Over time, the demands of caring for a friend or relative can wear on a person’s physical and mental health. This is known as caregiver burnout or caregiver fatigue.

“Burnout” is a term describing a state of emotional exhaustion where a person no longer has the energy to take care of themselves. It tends to occur when people take on too many mentally and physically demanding tasks.

Typical symptoms of caregiver burnout include anxiety, trouble sleeping, and difficulty concentrating.

If someone thinks they are experiencing symptoms of caregiver burnout, they should contact a doctor or seek help. Support groups, such as the Caregiver Action Network (CAN) and Family Caregiver Alliance (FCA), are good options for caregivers who want to connect with people facing similar challenges.

Read more to learn about what causes caregiver burnout, its symptoms, and how to manage it.

A young woman helping an older man walk with crutches.Share on Pinterest
Westend61/Getty Images

Caregiving is a demanding, often 24-7 role. It leaves people with little time to relax or care for their own needs.

Having no time off from caring can increase the risk of emotional and physical exhaustion, or in other words, burnout. According to a 2020 report that the National Alliance for Caregiving (NAC) and the American Association of Retired Persons commissioned, 21.3% of people in the United States are caregivers.

These results show just how many people may be affected by caregiver burnout, emphasizing the need for a greater understanding of why it happens.

Some causes of caregiver burnout include:

  • Emotional demands: A caregiver can feel emotionally drained, especially if they are aware that the person they are looking after will not get better despite their efforts. For example, this could happen if a person is caring for someone in palliative care.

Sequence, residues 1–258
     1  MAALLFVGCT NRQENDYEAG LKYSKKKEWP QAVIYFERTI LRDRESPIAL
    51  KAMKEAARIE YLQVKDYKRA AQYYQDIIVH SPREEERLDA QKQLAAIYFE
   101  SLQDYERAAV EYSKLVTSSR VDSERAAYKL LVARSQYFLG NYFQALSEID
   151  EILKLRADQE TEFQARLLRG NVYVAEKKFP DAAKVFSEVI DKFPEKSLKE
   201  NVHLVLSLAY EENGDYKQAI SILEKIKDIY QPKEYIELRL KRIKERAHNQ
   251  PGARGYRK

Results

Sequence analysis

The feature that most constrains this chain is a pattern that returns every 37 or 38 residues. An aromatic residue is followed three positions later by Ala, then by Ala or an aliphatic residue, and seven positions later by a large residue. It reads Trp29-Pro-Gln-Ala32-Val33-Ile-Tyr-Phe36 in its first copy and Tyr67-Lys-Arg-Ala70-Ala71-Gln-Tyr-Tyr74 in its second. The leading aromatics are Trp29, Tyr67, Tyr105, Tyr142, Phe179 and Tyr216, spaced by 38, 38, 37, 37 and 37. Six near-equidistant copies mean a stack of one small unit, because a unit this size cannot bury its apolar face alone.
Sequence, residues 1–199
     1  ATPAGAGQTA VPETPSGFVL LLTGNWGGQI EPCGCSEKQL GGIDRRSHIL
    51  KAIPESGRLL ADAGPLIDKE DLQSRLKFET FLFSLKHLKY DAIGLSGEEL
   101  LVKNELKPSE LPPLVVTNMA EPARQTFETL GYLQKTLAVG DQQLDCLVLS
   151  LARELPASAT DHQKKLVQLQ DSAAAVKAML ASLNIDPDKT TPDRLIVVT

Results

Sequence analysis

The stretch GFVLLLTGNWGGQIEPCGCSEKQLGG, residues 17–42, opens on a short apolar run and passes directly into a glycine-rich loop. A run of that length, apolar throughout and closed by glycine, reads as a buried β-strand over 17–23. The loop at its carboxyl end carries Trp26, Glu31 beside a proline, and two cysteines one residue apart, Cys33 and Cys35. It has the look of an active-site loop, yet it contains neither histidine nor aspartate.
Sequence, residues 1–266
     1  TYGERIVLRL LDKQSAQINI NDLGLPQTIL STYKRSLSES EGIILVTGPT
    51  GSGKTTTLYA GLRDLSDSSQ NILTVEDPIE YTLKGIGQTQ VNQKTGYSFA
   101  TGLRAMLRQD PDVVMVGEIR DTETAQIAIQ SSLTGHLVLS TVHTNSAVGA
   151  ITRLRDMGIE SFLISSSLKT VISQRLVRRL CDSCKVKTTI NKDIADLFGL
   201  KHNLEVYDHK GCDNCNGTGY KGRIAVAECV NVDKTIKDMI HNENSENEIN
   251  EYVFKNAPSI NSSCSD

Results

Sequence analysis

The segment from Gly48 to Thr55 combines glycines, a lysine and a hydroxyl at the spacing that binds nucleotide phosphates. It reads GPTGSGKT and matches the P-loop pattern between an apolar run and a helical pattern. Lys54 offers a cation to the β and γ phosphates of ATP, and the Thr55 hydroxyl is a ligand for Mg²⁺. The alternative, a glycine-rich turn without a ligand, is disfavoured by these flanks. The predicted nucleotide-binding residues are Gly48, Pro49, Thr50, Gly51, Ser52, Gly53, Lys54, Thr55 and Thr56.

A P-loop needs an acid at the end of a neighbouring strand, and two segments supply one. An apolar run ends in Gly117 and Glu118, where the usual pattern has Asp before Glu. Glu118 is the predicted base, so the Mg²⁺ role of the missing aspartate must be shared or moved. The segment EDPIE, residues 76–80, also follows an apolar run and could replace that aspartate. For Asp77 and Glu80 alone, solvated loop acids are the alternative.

• Conflicting demands: These are the additional demands a person has outside of their caregiving role, such as looking after children, going to a job, and making time for their partner.
  • Ambiguous roles: Often, the role of a caregiver is all-consuming. It is easy for a person to lose sight of who they are outside of their caregiving responsibilities.
  • Workload: Some caregivers may be looking after someone with complex needs. In these instances, it is important a person seeks temporary relief and gets assistance from other carers.
  • Conflicting advice: In some cases, treatment procedures may change as research progresses. While these changes aim to give people the best care, they can cause a significant amount of disruption and stress if a caregiver has an established routine.
  • Privacy: Additional clinical support, such as nurses and other healthcare professionals, may visit a caregiver’s home throughout the week. While this can be helpful, it can also take away their privacy.

All of these factors can contribute to a caregiver feeling overwhelmed, self-critical, and drained. If they do not address these feelings, they may start experiencing serious symptoms of caregiver burnout.

Caregiver burnout can manifest in several ways, and some people may notice they are experiencing some symptoms more strongly than others.